Study of the iconography of the lion in Islamic art
Adey, Elizabeth June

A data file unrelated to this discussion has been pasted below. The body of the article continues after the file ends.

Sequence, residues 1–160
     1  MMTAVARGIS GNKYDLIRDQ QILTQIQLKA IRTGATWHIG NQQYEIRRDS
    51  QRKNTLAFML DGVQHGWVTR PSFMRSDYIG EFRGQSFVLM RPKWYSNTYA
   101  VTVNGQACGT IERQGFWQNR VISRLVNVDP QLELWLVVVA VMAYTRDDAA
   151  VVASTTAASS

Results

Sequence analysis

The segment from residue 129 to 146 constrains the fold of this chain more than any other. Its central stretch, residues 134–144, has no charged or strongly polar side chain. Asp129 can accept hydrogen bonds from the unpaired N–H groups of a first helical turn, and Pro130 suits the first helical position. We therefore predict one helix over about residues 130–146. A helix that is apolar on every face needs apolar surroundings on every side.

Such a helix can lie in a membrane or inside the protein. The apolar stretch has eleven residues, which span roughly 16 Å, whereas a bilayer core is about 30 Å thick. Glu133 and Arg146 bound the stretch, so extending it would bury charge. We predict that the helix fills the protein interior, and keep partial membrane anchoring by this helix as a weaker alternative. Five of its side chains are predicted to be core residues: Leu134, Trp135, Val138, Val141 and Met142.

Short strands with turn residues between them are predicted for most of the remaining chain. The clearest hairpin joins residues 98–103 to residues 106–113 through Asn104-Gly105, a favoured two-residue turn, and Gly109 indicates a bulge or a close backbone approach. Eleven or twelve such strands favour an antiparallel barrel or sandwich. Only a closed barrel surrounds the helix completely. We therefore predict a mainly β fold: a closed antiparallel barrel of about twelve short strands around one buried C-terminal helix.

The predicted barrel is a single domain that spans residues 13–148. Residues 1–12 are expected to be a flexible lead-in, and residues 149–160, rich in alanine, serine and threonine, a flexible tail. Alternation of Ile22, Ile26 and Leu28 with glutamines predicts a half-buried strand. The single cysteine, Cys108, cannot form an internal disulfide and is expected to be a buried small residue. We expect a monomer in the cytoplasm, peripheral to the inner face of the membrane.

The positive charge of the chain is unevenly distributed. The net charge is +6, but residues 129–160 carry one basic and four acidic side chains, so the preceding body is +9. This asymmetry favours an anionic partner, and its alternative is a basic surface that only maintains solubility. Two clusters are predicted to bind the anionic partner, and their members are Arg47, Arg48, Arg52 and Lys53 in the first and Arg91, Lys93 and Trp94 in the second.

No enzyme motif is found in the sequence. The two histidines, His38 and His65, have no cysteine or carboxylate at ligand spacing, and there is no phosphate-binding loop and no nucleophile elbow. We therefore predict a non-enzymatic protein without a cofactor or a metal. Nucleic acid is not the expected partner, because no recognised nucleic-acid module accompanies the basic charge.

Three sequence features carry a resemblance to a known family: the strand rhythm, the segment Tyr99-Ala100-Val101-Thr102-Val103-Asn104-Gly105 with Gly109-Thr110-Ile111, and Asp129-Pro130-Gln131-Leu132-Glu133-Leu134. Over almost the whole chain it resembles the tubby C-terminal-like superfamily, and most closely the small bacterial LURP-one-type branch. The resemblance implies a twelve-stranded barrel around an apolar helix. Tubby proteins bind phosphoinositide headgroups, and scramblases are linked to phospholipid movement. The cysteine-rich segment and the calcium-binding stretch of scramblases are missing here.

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Throughout the centuries, the lion has generally been acknowledged as a symbol of power in numerous cultures. It exercises magic and talismanic functions as a sign of the zodiac. The lion as the king of the beasts has long fascinated and challenged man. It plays a large part in the decorative arts and mythologies of many cultures and Islam is no exception. The aim of this thesis is to determine the range of meaning attributed to the lion as a motif in Islamic art, through its use in the decorative arts, miniature painting and textiles. A catalogue of some four hundred and sixty examples of the lion as an iconographic symbol on carpets, ceramics, metalwork, stone, textiles and other media has been drawn up. Within each category pieces have been arranged in chronological sequence and their motifs have been identified. The aim has been to assemble a reasonable sample of works upon which to base an investigation of the role of the lion in Islamic art. The text analyses the themes found in the catalogue. Each motif is placed in its historical context with reference to the antecedents of the decorative design and the likely meaning in an Islamic context, supported where possible by writings of the period. Chapter One addresses briefly the description and illustration of the lion in Muslim scientific texts. Chapter Two analyses the lion-bull combat theme. Chapter Three opens with a discussion of images showing man hunting the lion and concludes with a discussion of the lion in association with other animals. Chapter Four discusses two literary works often illustrated with miniatures depicting lions - namely the Kalila wa Dimna tales and the Shahnama. It closely analyses the texts for descriptions of the lion and what it may symbolise in a given context. Chapter Five embraces a diversity of motifs including the image of the lion as found on Islamic coins, lion-masks, lion and throne imagery, the lion-tree motif in textiles and the lion as a single image. Chapter Six discusses the zodiac and the lion as an astrological symbol. Conclusions are drawn in Chapter Seven. The thesis aims to assess the art-historical evidence for the use of the lion in Islamic art. It endeavours to provide a firm basis from which to study the significance of the lion in medieval Muslim culture. Literary and historical evidence is brought in where appropriate in order to elucidate the meaning of the visual imagery. Much work still remains to be done, but the collecting together of a range of pieces bearing a variety of iconographical interpretations of the lion is a vital step in determining the role of this animal in Islamic art and culture.